Online Event
September 01-03, 2022 | Online Event
GPMB 2018

Alkaline/Neutral invertases: Involvement of cytosolic or organellar isoforms in abiotic stress responses in wheat and poplar

Graciela L Salerno, Speaker at Plant Science Congress
Universidad Nacional de Mar del Plata and INBIOTEC-CONICET, Argentina
Title : Alkaline/Neutral invertases: Involvement of cytosolic or organellar isoforms in abiotic stress responses in wheat and poplar


S ucrose is a central metabolite in plant life. In recent years, novel functions have been uncovered for alkaline/neutral invertases (A/N-Invs), enzymes that irreversibly hydrolyze sucrose into glucose and fructose. A/N-Invs play important roles in growth, development, and stress response. They occur as different isoenzymes located either in the cytosol or inside organelles (e.g., mitochondria, chloroplasts). In wheat, A/N-Invs were shown to play an important role associated with a more efficient cytosolic sucrose hydrolysis during environmental stresses (e.g., water deficit and low temperatures). The availability of complete sequenced genomes allowed us to identify and characterize the members of the A/N-Inv family in wheat (Triticum aestivum) and poplar (Populus sp.), and then investigate the expression of different isoforms in plants subjected to different stress conditions. In wheat, four of the seven A/N-Inv genes (TaNIN) were predicted as encoding cytosolic isoforms, which turned out to be phylogenetic and structurally similar to their rice homologs. RT-PCR analysis revealed differential gene expression in leaves and roots of two contrasting wheat varieties (winter Baguette 31 and spring BioINTA 1005) subjected to low (chilling) temperature or water deficit. Remarkably, only the winter cultivar, with higher fructan content, exhibited up-regulation of two cytosolic isoforms in leaves, and of other two different forms in roots. Conversely, the response in leaves was similar for both cultivars exposed to water deficit, with the enhanced expression of another isoform. The contrasting expression between cultivars under low temperature led us to hypothesize that certain cytosolic isoforms could be involved in the intricate sugar-signaling pathway that senses chilling and resulting in low temperature tolerance. On the other hand, in poplar, we retrieved 12 A/N-invertase homologous sequences from the recent sequenced Populus tremula genome (Ptr-NINVs). Six of the 12 putative PtrNINV deduced proteins were predicted as cytosolic isoforms and grouped in the ß-clade together with characterized cytosolic proteins in other plant species. The 6 remaining Ptr-NINV sequences that grouped in the α-clade were characterized as putative mitochondrial and chloroplastic isoforms. To characterize the organellar location, we identified the transit peptide sequences, made PtrNINV::GFP constructs and carried out transient expression in tobacco leaf cells. Preliminary experiments to identify isoforms related to stress tolerance indicated that one of the mitochondrial isoform may be involved in cold and salt stress response. Taken together, our results show that either cytosolic or organellar A/NInvs may be important in the response to abiotic stress.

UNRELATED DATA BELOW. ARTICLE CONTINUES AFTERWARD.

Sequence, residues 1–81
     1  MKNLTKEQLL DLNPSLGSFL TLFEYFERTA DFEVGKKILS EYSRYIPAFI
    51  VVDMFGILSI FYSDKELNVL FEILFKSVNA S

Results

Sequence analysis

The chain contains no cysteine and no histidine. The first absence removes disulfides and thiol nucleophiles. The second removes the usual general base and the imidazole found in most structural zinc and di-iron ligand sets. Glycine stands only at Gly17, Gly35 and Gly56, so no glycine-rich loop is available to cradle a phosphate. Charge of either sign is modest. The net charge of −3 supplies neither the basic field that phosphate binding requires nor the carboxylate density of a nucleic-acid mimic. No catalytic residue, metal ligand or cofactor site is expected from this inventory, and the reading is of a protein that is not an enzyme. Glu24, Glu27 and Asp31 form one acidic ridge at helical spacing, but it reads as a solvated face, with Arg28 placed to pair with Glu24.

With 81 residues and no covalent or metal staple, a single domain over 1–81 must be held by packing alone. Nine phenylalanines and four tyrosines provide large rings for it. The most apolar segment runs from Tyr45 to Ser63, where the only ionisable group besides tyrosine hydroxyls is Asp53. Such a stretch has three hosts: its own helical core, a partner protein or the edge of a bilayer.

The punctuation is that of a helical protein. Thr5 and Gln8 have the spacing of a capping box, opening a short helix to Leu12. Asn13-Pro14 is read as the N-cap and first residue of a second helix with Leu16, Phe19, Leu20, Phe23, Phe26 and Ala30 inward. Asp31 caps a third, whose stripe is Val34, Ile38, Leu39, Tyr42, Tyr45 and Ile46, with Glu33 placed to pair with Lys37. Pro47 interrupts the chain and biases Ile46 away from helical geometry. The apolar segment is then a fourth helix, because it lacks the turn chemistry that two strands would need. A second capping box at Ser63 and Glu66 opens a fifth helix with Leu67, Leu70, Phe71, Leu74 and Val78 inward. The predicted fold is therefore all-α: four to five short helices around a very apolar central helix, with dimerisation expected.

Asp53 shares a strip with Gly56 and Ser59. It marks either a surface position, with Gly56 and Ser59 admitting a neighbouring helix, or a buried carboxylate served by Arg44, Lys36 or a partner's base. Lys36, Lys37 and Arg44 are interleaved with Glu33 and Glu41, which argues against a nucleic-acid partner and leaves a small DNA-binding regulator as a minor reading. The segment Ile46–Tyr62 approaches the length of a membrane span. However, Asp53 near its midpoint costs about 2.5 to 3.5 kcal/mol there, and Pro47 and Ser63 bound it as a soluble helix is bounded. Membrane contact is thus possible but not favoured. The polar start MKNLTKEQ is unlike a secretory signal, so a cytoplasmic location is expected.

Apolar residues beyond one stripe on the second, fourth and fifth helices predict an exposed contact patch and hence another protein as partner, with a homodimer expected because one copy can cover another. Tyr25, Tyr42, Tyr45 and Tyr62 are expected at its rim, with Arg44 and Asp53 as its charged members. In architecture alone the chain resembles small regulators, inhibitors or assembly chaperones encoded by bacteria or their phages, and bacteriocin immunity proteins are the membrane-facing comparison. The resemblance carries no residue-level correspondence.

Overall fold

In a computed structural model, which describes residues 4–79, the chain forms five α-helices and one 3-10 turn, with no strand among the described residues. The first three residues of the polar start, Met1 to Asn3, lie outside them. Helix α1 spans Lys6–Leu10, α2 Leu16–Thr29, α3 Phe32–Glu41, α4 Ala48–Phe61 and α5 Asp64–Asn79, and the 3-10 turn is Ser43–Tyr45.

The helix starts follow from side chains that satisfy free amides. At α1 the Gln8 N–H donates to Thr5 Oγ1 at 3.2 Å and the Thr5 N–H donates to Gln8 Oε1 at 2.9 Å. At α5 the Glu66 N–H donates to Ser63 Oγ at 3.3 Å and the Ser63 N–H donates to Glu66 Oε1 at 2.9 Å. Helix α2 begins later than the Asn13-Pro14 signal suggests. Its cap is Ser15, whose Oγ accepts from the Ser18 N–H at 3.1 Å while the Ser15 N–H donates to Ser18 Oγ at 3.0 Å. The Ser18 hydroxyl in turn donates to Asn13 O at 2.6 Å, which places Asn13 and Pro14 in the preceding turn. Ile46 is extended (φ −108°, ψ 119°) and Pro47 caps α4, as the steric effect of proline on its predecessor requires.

Chemistry Licentiate and PhD (Biological Chemistry) from University of Buenos Aires (Argentina). Career Investigator (Superior Investigator) of the Argentinean Research Council (CONICET), Full Professor, National University of Mar del Plata (Universidad Nacional de Mar del Plata). Research Field: Carbohydrate metabolism in plants, unicellular algae and cyanobacteria.